“My mother’s dead! I don’t know what you’re talking about!”
“Six-thirty. Don’t be late or everyone dies.”

Granted, this is a little out of context, but what I want to show here are the quick sentences. Everything is to the point. It’s statement after statement. Quick exchanges. Short and pointed. It keeps the readers gripping the edge of the page as they can’t help but read faster. They want her to come to her mother’s house, but she’s saying her mother’s dead and seems confused. They don’t care. They tell her to come by six-thirty or everyone dies. Again, quick and pointed, but there are also consequences to the exchange.

As a reader, you want to know if the mother is dead or not. You want to know if she can make it to the house by six-thirty. You automatically want to root for her to make it, so people don’t die. That’s compelling and it also forces the reader to keep reading to see the outcomes of all of these immediate questions. No extra-explaining. No monologues. Just hit the point of the conversation and get that reader to keep reading.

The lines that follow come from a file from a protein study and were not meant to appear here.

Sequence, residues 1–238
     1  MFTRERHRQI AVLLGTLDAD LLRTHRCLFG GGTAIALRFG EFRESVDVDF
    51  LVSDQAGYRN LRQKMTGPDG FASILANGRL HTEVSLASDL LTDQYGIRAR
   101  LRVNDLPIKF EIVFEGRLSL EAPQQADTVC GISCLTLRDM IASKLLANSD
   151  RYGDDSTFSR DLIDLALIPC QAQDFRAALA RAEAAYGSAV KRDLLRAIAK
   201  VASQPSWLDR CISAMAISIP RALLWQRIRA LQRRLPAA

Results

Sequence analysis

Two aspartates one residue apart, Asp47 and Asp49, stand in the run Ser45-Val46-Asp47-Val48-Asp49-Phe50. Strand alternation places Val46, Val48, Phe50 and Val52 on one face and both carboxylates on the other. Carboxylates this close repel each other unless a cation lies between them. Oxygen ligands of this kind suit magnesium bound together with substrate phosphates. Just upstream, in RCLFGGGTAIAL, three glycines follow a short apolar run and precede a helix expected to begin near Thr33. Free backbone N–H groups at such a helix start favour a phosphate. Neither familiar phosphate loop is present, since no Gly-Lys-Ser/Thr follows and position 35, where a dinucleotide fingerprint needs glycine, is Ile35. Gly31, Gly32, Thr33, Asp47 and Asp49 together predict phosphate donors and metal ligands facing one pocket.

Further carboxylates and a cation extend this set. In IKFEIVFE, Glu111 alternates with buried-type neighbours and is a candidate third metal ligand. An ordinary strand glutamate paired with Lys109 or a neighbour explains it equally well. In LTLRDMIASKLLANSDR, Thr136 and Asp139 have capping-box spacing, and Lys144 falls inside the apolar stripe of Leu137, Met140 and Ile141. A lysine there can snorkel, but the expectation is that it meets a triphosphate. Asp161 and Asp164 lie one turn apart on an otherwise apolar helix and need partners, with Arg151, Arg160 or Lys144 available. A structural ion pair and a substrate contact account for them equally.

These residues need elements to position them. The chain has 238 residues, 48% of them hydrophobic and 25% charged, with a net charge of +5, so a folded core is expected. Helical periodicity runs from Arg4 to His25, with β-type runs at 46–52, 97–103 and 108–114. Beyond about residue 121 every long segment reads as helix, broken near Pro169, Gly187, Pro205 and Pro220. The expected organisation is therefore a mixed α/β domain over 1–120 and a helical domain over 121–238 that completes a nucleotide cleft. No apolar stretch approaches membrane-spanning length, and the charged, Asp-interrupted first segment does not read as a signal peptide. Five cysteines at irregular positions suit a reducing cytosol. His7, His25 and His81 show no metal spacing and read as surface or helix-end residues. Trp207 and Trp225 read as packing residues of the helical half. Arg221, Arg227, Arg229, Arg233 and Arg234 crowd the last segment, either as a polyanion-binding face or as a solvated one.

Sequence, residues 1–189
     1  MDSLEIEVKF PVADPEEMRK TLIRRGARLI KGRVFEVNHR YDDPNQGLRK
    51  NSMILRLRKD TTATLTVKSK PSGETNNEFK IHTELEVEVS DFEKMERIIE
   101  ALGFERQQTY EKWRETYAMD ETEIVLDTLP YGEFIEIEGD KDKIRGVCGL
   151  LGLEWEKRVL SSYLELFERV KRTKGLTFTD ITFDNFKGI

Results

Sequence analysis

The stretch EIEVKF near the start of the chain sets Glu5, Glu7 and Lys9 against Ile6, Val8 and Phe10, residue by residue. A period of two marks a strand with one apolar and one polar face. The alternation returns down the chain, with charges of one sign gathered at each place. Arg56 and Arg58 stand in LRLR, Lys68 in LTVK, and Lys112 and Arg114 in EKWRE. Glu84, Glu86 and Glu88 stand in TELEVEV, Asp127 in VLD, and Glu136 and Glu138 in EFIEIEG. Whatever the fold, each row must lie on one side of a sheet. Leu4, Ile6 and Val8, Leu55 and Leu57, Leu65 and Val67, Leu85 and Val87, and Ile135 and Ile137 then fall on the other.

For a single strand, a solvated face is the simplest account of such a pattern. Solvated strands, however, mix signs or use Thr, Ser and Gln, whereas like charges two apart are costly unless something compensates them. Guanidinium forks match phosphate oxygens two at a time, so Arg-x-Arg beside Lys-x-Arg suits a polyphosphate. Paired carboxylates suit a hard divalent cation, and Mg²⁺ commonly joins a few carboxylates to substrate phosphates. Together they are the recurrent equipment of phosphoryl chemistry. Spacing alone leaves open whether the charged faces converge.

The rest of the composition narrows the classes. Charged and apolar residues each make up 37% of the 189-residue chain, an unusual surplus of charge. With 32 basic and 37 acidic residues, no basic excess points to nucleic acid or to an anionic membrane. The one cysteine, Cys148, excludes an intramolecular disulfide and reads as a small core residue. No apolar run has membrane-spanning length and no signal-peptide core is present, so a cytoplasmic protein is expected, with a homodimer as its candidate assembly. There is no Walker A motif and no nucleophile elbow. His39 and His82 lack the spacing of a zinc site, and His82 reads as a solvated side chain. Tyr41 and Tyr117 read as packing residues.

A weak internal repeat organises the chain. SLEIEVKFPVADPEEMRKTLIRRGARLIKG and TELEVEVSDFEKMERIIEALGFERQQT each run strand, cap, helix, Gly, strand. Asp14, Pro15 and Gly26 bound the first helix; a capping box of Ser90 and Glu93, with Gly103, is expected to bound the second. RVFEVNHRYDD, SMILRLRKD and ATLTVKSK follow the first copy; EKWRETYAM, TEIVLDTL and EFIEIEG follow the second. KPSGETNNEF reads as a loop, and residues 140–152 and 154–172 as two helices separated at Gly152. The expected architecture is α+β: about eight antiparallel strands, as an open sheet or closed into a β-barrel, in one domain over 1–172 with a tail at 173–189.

My overall advice to writing dialogue that sounds real and keeps the story moving is to read it out loud after you’ve written it. If it sounds like an authentic conversation that you would hear two people having, you’re okay. If it sounds like a lecture your literature professor might’ve given in college, it might be a bit too much. And learn the dialect of the region your book takes place in. We don’t say “y’all” too much up here in New York, but my friends in Georgia say it all the time.

Finally, keep the conversations moving the story. No one wants to read three pages about a movie the character saw if it doesn’t have anything to do with the plot. Use character conversations to push that plot and move the action. Once you’ve done these things, you’ll find your dialogue both compelling and propulsive, and that’s what will take your writing to the next level and keep those readers turning the page.

When you take this online writing course, you’ll discover your voice, learn the basics of grammar and examine the different types of writing. No matter what type of writing you’re planning on crafting—nonfiction or fiction—you’ll need guidance along the way.